1. Find Your Way

Following directions is one of the most important reasons to learn listening skills. In this activity, students will attempt to follow directions correctly. You can either have them trace a path on a city map, or you can create an obstacle course in the classroom and verbally direct them through it.

Each student will have a separate turn. If you want to make it a competition, keep track of how many wrong turns the student makes. The person with the fewest mistakes is the winner.

2. Telephone

You may remember this game from your childhood. Everyone sits in a row or a circle and one person is given a sentence, whispered in their ear. They then whisper it to the next person who tells the next person and so on. The last student will repeat what they heard. The end result can be quite muddled and very different from the original sentence! To make this competitive, divide the class into teams and see who can get the closest to the original sentence.

3. Which Word Did I Say?

On the board, write two words that are commonly confused by ESL students. Say one word and see how many students can figure out which of the two words you said.

Similar sounding words include:

  • feel/fill
  • sheep/ship
  • bat/bad
  • tin/ten
  • worse/worth
  • rot/lot
  • hour/are
  • cat/cut

To make this a little more difficult, try using the word in a sentence. This makes it tougher, since the listeners will have to pay very close attention to both context and vocabulary.

4. Listen for the Answer

This game is similar to musical chairs. Set up one less chair than there are students. Ask them a question and tell them to listen to the audio for the answer. If they hear it, they should sit down. You will then stop the audio and have the student tell you the answer. If he or she is correct, they stay sitting. A wrong answer means they must get up again. You can queue up several clips and ask multiple questions for each so that students must listen for something specific.

A fun twist is to play music with clear lyrics and ask students to find the answer to the question in it.

5. Pick a Word

If you have very early beginners, it can be difficult for them to pick up much of a conversation. That doesn’t mean you shouldn’t give them listening assignments, though. Try this activity out. Give each student a word to listen for and have them mark it down every time they hear it in an audio or video clip. Make sure you’ve counted the words ahead of time so you can check their work! While this activity may seem overly simplistic, it prepares students by having them listen for specific sounds.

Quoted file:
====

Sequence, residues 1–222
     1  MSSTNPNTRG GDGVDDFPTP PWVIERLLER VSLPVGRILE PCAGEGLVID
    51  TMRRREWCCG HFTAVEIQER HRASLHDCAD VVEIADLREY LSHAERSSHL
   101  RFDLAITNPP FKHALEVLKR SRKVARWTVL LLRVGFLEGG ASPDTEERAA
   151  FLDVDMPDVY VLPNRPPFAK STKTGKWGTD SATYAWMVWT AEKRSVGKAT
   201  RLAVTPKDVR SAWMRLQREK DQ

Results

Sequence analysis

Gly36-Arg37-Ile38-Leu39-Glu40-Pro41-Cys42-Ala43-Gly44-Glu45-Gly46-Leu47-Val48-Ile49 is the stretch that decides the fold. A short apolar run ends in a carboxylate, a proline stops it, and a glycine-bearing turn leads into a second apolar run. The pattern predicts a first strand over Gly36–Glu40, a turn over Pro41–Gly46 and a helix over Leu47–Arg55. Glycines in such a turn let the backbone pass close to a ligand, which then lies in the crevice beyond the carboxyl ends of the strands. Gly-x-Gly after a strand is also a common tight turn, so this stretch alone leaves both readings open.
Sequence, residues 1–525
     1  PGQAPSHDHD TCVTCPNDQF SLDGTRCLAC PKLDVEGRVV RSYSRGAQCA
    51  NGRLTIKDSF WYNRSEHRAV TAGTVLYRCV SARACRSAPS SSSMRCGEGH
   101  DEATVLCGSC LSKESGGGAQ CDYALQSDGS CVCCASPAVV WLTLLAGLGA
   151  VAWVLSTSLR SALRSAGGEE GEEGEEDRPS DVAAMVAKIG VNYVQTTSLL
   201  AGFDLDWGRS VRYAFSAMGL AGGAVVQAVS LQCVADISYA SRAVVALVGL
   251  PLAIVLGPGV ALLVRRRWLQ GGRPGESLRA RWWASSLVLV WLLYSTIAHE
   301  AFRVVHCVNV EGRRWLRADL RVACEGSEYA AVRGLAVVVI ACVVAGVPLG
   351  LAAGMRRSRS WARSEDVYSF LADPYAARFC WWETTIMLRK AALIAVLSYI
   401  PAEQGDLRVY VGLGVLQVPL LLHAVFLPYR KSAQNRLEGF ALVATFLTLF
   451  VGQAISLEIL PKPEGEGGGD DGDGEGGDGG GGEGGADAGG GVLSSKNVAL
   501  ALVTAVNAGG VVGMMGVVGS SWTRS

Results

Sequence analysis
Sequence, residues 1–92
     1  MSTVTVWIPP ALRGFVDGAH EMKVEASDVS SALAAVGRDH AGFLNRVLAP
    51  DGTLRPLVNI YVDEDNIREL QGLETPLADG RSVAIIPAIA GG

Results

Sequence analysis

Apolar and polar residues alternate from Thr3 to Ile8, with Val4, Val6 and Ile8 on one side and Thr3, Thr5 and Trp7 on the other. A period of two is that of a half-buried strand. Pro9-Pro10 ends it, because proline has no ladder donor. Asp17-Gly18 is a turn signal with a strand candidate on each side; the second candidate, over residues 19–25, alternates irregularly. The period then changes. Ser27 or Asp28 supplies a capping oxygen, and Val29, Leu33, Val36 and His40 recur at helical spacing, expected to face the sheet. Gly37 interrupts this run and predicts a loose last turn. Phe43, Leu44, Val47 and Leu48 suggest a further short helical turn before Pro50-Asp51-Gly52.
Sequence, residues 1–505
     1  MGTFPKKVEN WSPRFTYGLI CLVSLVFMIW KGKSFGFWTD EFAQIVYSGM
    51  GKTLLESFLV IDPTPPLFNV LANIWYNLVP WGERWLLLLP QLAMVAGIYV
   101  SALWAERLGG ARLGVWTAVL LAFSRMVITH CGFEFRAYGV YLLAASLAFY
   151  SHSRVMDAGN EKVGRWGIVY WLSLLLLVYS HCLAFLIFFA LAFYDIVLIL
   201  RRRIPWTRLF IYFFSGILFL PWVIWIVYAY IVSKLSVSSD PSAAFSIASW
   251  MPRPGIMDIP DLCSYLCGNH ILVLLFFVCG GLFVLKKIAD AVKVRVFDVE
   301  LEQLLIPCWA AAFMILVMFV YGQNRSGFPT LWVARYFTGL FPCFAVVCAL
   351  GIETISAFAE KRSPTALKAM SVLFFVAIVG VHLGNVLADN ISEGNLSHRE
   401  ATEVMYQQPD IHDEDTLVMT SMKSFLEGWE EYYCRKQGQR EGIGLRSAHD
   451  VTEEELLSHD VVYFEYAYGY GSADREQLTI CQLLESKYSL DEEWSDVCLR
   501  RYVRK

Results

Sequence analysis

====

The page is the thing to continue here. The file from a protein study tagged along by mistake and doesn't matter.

How to Help Students Listen Better

Eliminate bad habits. Let students know that asking questions or talking during the listening activity is discouraged. If you have a student that tends to ask questions while the audio is playing, tell them to wait or devise a signal to let them know that you will not tolerate interruptions.

Watch the accents. When listening to audio clips, try to stick with ones that use the same English accent that you have. While students will learn to distinguish between yours and other accents, it can be very difficult to understand two drastically different pronunciations of the same word early on.

Give the context. Make sure students understand what the scene is about if you’re showing them a video clip. It will allow the class to focus on the actual conversation.

Reduce distractions. In real life, conversations do not take place in a vacuum. However, to help your beginner ESL students get started you will want to cut back on distractions wherever possible. Keep students focused by erasing unnecessary content from the board, banning phones in class and keeping the sound level down.

Keep it simple. Beginners shouldn’t be expected to understand everything. If you aren’t sure if a clip is too complicated for your students, it’s usually best to opt for something simpler. You will find that shorter, easy-to-understand media will be the simplest for listening exercises. After some practice, the class will be ready for more advanced activities.

You don’t have to hold off on the ESL listening activities just because your students are beginners. Listening games and exercises can help them improve their English that much faster, if you use appropriate ones.

Download: This blog post is available as a convenient and portable PDF that you can take anywhere. Click here to get a copy. (Download)


If you liked this post, something tells me that you’ll love FluentU, the best way to teach English with real-world videos.